Posted by Ryan
Why the campaign to save Watson's Bay is good for mental health
For some time now there's been a huge community campaign going on in Sydney's Eastern Suburbs to save Watson's Bay and South Head.
Watson's Bay is the suburb right at the end of the southern headland (South Head) of Sydney harbour. It is a beautiful, picturesque area steeped in indigenous and Australian European history, and includes South Head National Park, a lovely patch of greenery and bushland, surrounded by sweeping harbour and ocean views. It is a small but important natural refuge in a part of Sydney that is busy, crowded, and (arguably) increasingly over-developed.
In 2015, a large entertainment venue company put forward a proposal to create a number of function and event venues in the Watsons' Bay / South Head area, including within the National Park, that opponents of the plan argued would have severely limited public access to this important place.
Thousands and thousands of Sydneysiders supported the "Save Watson's Bay" campaign, and it became a significant election issue in the recent Wentworth by-election, with all the major candidates expressing their opposition to the proposal. Thankfully for the "Save Watson's Bay" campaigners, the government announced in December that the development proposal had been rejected.
This outcome is a great example of the power of grassroots local activism. It's also something that's important for local mental health (I know, right?). The truth is that we need more green space, more nature, for not just our physical wellbeing but our mental wellbeing too.
As Sydney (including the Eastern Suburbs) becomes denser and more populated, and backyards become more and more a thing of the past, retaining access to green spaces and the natural environment is increasingly important. There is a whole lot of research evidence now supporting the importance of green spaces and nature for mental health.
For example, access to green spaces is correlated with increased exercise, which in turn is associated with better mental health. Research has also shown that simply being exposed to green natural environments is psychologically restorative and has positive impacts on emotional and mood states, and cognition. These kinds of areas also provide us with spaces to engage in social activities which promote connectedness and reduce feelings of isolation.
Some other interesting research findings to do with the benefits of having more nature and green spaces around the areas we live include correlations between:
So, well done to the people power behind "Save Waton's Bay" and "Save South Head"! And if you live in Sydney's Eastern Suburbs, or anywhere for that matter, why not get outside for a walk in the park!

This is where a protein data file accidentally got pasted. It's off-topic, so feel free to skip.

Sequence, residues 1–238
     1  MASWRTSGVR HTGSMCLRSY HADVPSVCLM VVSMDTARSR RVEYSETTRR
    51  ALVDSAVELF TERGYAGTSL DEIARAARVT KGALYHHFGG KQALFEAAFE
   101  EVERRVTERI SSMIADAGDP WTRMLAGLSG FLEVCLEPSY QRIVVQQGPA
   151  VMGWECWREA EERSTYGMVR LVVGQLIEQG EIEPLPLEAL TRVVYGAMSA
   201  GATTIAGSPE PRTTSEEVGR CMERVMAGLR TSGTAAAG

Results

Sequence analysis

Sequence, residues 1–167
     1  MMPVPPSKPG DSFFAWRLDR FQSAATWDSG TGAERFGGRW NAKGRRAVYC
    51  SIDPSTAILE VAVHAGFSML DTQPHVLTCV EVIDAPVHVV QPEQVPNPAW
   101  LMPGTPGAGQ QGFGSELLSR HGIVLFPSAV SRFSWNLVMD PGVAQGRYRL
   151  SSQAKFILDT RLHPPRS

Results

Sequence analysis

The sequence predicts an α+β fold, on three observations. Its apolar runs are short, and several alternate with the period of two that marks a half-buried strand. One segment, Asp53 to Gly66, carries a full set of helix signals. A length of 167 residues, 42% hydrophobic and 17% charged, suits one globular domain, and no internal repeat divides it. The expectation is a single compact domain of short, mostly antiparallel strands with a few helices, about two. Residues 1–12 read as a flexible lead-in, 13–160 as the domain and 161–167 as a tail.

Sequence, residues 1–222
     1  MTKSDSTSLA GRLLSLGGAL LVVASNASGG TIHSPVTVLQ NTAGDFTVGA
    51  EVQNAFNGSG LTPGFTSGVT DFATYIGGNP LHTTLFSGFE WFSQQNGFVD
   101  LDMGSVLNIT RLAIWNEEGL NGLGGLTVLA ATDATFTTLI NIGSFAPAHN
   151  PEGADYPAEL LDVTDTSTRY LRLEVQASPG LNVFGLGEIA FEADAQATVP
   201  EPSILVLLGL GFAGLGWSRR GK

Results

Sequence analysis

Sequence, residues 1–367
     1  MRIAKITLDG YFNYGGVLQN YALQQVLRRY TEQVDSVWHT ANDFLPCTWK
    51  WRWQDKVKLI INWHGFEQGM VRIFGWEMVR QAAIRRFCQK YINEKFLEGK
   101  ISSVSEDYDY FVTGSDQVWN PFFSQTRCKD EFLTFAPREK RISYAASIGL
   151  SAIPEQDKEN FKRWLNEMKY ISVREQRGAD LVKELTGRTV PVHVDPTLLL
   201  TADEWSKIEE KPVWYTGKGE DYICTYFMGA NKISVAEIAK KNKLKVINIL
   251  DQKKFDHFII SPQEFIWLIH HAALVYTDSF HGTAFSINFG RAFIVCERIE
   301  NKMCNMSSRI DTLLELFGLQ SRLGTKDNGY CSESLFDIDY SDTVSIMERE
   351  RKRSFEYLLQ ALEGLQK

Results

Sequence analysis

Taking the first step can be scary, but change has to start somewhere. For a confidential chat about getting started with psychology sessions, contact us at 0431 136 523 (Sydney) or 0410 843 679 (Melbourne), or email us at email@example.com. You can also send us a message via the 'Contact' page.
Posted by Ryan
When we started Be Psychology & Mental Health, we thought long and hard about what we would call our practice. We threw around a lot of different names. While we knew that what really mattered was not so much the practice name but our commitment to helping our clients as best we could, we nevertheless wanted a name that conveyed something about who we are as psychologists and people, something simple, something that conveyed the very essence of what we understand psychological therapy to be about.
When we first meet clients, they often express some kind of dissatisfaction with how things are going for them at the time. What this tends to boil down to is a sense of not living the sort of life they want to be living, not being the sort of person they want to be, and often feeling stuck and unsure as to how to get closer to that. The idea of "be" captures something really essential about what we all strive for.
When I came across this video for this new song from Josh Radnor and Ben Lee, posting it seemed like a fitting way to kick-off this blog. Not only do the lyrics contemplate this notion of what it means to "be", but the video with its quirky hand dancing (!) is strangely mesmerising.
I also really love what Josh Radnor says about the song: "The song is, on some level, about simplicity, about knowing we have everything we need if we could just get out of our own way." The problem is knowing how to get out of our own way, or indeed recognising that we are in our own way to start with.
In his book, The Gift of Therapy, a manifesto of inspiration and guidance for other psychotherapists, famed psychiatrist/psychotherapist Irvin Yalom shares 85 pieces of sage advice drawn from his experience of half a century of clinical practice. The title of Chapter 1? 'Remove the Obstacles to Growth'. No matter a psychologist's therapeutic approach -- CBT, ACT, psychodynamic psychotherapy, schema therapy, interpersonal psychotherapy, Gestalt therapy, DBT etc. etc. (more on all of these therapy approaches in future posts) -- this, I think, sums up what psychological therapy is about. Removing the obstacles to growth so that you are free to be.
We hope that the idea of "be" inspires you as it has us.
Be Psychology & Mental Health is an expert clinical psychology practice with locations in Sydney and Melbourne, Australia.